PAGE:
Shi Wei, like the rest of us, was spending parts of his life in a fantasy zone. The night he left that Christmas party, maybe he wanted to make a dramatic statement just by leaving. Kate and I do not believe that he wanted to die. If he risked death knowingly, it was because he had no idea that unlike in the movies, his death would last past the credits. Sep 11, Maria rated it liked it. I found this book a tad difficult to finish. There were a few 'intriguing' parts however, most of it was similar to a history book, delving into historical aspects of China's history.
I found these parts difficult to read, and tended to read through them quickly.
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I wasn't too keen on the biography chapters, which focused on specific individuals from Rachel's life whom she found interesting enough to write a whole chapter on. Needless to say, these chapters were a bit boring to read. I would have I found this book a tad difficult to finish.
I would have liked to read more about Rachel's time on the Chinese soap opera however, this was not written about enough. I felt that I truly didn't 'know' Rachel as a person, as she tended to write more about external factors rather then he true feelings towards a variety of situations. The Chinese soap opera that Rachel starred in does sound interesting however, it is difficult to find online.
Jan 07, Pia rated it liked it. An entertaining book about a young American woman's everyday life in China. It's interesting to read about Rachel's relations to people in her surroundings, for example her work colleagues what's accepted to do, to say and what is not. She describes communication differences and difficulties, and often it's a funny read. The author also takes China's politics and history into account, and places situations in relation to certain events. In that way the book is a part, and a result, of a life s An entertaining book about a young American woman's everyday life in China.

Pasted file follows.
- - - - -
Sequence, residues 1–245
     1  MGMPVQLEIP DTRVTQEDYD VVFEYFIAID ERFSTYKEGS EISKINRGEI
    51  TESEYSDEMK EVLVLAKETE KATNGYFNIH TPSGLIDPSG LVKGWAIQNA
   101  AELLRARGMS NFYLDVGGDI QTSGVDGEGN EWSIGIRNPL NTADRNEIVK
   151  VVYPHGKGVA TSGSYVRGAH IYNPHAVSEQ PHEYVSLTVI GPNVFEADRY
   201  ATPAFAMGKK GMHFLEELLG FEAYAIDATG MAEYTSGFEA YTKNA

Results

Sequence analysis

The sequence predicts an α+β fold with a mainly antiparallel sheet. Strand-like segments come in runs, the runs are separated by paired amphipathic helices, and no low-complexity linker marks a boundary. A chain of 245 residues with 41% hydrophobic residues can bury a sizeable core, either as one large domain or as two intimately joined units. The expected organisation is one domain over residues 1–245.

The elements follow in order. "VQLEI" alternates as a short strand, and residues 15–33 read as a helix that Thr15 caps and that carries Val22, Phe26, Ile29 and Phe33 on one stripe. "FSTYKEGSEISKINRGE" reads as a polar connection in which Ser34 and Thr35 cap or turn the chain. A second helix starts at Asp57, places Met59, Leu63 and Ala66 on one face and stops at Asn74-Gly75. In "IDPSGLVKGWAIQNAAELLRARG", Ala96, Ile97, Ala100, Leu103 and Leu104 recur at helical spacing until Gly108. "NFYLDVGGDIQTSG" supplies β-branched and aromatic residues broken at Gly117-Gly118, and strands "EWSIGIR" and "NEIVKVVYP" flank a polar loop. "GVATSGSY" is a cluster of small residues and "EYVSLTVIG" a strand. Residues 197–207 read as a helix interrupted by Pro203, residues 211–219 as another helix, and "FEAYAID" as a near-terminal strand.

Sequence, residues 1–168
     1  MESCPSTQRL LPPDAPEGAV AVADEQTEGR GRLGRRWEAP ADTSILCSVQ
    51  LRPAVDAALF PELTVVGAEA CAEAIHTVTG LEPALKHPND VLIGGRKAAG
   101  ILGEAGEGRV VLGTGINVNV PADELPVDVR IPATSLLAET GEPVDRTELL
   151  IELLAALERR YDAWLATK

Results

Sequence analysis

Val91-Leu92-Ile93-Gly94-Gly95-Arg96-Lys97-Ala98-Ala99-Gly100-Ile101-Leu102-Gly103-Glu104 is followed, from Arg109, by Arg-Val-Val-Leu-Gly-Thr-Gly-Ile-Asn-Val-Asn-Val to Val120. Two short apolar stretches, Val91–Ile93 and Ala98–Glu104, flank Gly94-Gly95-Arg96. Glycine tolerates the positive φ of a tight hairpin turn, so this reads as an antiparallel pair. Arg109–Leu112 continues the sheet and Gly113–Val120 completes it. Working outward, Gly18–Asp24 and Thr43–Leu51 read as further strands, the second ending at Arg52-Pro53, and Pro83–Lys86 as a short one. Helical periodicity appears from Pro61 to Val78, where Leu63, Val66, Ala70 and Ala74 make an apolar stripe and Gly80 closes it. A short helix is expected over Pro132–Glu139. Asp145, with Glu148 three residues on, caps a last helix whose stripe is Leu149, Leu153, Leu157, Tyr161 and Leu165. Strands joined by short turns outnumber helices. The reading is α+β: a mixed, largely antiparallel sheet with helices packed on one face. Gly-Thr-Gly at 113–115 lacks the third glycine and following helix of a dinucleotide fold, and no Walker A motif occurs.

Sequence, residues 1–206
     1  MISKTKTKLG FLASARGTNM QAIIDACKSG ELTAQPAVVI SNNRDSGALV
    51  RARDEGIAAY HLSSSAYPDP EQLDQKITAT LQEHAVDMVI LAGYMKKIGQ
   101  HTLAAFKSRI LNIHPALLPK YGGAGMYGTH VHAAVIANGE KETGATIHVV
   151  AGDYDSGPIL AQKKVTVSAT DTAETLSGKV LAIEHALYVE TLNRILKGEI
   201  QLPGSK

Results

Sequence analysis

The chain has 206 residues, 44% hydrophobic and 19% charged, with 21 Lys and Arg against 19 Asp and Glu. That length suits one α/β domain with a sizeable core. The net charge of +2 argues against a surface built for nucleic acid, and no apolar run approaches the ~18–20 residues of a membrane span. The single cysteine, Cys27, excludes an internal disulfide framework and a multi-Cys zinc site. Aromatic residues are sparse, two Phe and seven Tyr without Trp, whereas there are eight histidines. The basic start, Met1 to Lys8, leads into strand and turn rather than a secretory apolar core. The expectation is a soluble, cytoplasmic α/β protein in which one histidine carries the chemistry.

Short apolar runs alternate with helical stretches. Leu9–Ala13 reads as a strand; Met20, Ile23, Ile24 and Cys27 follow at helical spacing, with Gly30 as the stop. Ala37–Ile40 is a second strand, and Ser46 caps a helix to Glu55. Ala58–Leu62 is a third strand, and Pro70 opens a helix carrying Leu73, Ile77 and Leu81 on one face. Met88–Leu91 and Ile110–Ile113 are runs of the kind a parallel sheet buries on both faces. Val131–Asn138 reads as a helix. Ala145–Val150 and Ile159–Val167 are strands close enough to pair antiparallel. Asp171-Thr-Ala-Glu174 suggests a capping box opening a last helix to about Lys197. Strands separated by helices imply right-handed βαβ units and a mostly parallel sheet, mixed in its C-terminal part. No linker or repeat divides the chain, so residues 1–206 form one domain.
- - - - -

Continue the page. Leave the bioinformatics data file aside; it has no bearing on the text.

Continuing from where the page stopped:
In that way the book is a part, and a result, of a life story bounded in a specific time and place. I love the part where Rachel describes why the introduction of Microsoft on the Chinese market was a failure. I had a good time reading this book. Dec 24, Alana Cash rated it it was ok. There's is a lot of interesting information about China in this book, but it's not well structured and it's not clear what it's about.